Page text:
Seized photo shows Millard’s hand holding a gun, police analyst tells Bosma murder trial

Court handoutCourt handoutThe head of the Toronto police fingerprint unit, Christianne Lys, said she found 17 points of similarities in the fingerprint patterns.

HAMILTON, ONT. — It is accused killer ’s finger holding a gun in a photograph seized from his home, the jury was told Tuesday morning at the first-degree murder trial in the slaying of .

A police fingerprint analyst took the unusual step of comparing a close-up of a finger seen holding a gun in a photograph that investigators seized from a computer in Millard’s home to the fingerprints taken from him after his arrest.

The head of the Toronto police fingerprint unit, Christianne Lys, said she found 17 points of similarities in the fingerprint patterns, enough for her to conclude the finger in the photograph is a match for Millard’s left index finger.

Millard, 30, of Toronto, and , 28, of Oakville, pleaded not guilty to killing Bosma, 32, of Hamilton, who vanished after leaving on a test drive with two strangers who expressed interest in buying the pickup truck Bosma was selling online.

The possible significance of the photo was pounced on by Thomas Dungey, the lead lawyer for Smich, who noted the gun in the photograph is a Walther PPK .380 semi-automatic.

Court exhibitCourt exhibitA separate gun photo shown to the jury. It’s been suggested that this shows Smich’s hand.

A .380-calibre empty shell casing was found by police inside Bosma’s truck.

The jury has previously also been shown a different photograph of a man holding a gun. It was suggested to the jury that a reddish dot seen on a finger in that photo is similar to a dot seen on a photo of Smich in a photo of him drinking an energy drink from a can.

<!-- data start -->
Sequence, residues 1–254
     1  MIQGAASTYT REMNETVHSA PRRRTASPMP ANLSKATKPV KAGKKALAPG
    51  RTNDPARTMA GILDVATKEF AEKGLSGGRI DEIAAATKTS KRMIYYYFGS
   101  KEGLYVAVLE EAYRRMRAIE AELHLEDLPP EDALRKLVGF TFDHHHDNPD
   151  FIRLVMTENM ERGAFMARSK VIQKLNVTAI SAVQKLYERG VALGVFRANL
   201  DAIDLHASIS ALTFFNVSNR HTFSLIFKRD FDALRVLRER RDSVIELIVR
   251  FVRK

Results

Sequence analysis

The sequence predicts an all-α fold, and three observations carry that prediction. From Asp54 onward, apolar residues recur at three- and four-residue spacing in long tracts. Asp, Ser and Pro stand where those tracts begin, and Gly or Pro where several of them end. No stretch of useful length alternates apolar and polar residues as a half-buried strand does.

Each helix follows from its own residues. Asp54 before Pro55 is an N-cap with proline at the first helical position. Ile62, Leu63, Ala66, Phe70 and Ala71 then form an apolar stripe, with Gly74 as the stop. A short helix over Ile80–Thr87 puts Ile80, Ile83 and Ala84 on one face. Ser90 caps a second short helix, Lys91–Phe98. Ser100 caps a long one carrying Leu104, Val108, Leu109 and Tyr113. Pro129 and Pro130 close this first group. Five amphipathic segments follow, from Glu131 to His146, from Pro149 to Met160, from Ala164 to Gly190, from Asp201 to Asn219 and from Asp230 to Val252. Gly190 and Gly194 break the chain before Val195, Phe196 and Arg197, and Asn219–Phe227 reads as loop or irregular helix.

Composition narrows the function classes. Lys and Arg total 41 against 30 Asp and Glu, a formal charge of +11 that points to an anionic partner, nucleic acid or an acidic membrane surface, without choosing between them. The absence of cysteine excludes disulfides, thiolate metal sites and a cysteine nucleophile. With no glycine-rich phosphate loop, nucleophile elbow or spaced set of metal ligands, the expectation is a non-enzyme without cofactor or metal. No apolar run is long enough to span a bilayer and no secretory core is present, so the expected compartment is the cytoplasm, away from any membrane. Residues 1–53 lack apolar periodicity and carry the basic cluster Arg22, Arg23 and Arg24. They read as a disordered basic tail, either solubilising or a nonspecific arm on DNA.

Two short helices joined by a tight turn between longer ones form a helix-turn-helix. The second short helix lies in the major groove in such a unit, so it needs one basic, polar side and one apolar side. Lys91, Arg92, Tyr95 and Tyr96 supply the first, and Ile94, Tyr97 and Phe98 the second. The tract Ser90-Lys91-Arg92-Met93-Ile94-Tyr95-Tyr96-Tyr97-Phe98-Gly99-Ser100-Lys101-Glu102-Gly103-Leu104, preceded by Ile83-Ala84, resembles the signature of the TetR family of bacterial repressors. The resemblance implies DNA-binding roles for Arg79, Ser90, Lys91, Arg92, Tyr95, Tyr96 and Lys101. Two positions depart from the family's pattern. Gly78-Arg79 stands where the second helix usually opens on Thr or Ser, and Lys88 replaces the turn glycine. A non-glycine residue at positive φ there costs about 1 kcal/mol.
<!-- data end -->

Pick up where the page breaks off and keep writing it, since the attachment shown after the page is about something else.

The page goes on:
Court has heard that Bosma climbed into the front passenger-side seat of his truck on May 6, 2013, to accompany two men on a test drive. The Crown alleges it was Millard, who sat in the driver’s seat, and Smich, who sat in the back seat that left with Bosma that evening, leaving Bosma’s wife, Sharlene, and their young daughter.

Facebook; Court exhibitsFacebook; Court exhibitsDellen Millard, top right and Mark Smich are on trial for the murder of Tim Bosma, left.

The jury has not heard evidence of how Bosma was shot or by whom, only that prosecutors allege he was “shot by the two accused at close range.”

On the stand Monday, Sgt. Robert Jones, a Waterloo regional police service blood-spatter expert said too much of the blood evidence was cleaned up inside the truck to tell much about how Bosma may have died.

“There was a blood-letting event inside the vehicle,” said Jones, and “the blood source” — meaning where a victim would likely have been when shot, as the Crown alleges — would be on the passenger side of the truck, he said.

Court heard there is an incredibly high probability it is Bosma’s blood based on its DNA profile.

The trial continues Tuesday afternoon with a video forensic specialist who is showing the jury video seized relating to the Bosma case.

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